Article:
Sunday, August 21, 2011

The Great Shadow

Our old friend, the poetaster,

The one who writes a poem day

And likes to natter on about

The meaning of meaninglessness,

Was out with his infant daughter

For her dawn perambulation

Down the dirt road through the forest

Picking at berries and flowers,

Having his usual deep thoughts

About seasons and calendars,

Singing his morning song cycle,

And chattering at his daughter,

When he noticed a large shadow

Up ahead on the hill-road home.

He paused, stopped shoving the stroller,

And scrutinized the black outline.

Damn if it wasn't a big bear,

Biggest black bear he'd ever seen,

Blocking the path, sniffing the air,

Depthless silhouette in sunlight,

So large that its hindpaws rested

In one wheel-rut, front paws athwart

The other rut, straddling the road.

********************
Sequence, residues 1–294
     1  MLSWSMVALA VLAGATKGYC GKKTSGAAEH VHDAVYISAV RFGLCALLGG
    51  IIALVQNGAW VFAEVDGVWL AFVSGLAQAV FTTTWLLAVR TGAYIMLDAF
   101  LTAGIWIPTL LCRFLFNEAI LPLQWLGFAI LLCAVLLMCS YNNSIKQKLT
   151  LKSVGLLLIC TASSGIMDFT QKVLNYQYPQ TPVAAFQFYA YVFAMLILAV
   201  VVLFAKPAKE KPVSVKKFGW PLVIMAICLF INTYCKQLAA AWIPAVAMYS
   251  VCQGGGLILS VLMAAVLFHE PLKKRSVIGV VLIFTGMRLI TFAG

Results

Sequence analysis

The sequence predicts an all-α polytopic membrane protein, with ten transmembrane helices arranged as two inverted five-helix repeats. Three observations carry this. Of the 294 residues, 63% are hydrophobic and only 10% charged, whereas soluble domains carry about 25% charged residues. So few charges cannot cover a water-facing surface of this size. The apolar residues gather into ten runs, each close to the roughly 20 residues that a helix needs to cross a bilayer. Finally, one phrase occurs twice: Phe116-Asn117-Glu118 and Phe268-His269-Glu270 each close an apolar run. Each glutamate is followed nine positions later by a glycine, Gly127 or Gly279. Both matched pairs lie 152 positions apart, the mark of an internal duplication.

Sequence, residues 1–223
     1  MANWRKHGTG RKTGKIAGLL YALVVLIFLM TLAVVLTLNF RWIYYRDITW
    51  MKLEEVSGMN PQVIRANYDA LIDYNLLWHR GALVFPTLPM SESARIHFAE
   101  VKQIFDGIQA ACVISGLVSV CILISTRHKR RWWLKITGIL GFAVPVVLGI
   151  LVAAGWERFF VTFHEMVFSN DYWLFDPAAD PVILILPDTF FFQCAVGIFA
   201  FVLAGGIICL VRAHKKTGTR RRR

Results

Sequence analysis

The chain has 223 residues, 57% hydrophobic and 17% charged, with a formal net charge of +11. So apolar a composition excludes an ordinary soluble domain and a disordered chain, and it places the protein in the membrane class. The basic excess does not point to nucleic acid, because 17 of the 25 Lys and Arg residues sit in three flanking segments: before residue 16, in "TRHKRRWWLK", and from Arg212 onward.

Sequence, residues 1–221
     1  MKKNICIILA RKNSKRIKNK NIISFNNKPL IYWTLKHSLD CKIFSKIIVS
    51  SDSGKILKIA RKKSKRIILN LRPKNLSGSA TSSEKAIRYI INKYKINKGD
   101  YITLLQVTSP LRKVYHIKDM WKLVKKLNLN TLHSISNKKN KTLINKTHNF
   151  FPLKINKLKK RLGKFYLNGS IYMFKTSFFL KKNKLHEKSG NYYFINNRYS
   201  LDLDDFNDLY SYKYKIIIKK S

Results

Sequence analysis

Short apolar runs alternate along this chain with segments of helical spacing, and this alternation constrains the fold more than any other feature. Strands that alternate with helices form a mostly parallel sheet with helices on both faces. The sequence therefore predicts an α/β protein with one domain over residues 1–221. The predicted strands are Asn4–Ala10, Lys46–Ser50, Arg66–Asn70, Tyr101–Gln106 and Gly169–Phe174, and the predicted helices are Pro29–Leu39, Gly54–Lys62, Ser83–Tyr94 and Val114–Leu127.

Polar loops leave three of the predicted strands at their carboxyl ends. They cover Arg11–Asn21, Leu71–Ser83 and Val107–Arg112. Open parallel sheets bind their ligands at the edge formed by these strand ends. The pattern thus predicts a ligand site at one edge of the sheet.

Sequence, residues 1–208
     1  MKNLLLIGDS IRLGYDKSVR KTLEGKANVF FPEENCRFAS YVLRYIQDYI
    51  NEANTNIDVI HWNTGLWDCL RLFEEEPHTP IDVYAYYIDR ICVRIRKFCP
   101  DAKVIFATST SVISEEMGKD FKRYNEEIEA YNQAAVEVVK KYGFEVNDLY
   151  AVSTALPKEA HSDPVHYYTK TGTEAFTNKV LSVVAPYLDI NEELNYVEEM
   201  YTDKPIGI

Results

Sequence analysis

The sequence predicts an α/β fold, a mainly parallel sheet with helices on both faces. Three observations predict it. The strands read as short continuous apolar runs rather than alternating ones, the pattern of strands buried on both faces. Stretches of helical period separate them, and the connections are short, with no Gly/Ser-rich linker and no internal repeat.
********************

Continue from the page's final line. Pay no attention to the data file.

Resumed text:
Lord God in Heaven, it was huge.

All thoughts of meaninglessness flew

From his oversized monkey brain,

Now completely preoccupied 

With fight or flight, freeze or defend.

He roared. He raised his arms. He sang

The song of Disney's harmless dwarves

In the deepest tone he could groan--

"Heigh-ho! To scare the bear we go!"

Slowly, softly, the shadow turned

And sniffed the noisy hominin.

Quieter than a bear should be,

It slipped back into the forest,

Leaving our friend and his daughter,

One wired and one oblivious,

To contemplate crossing the spot

Where that great, black shadow had been.

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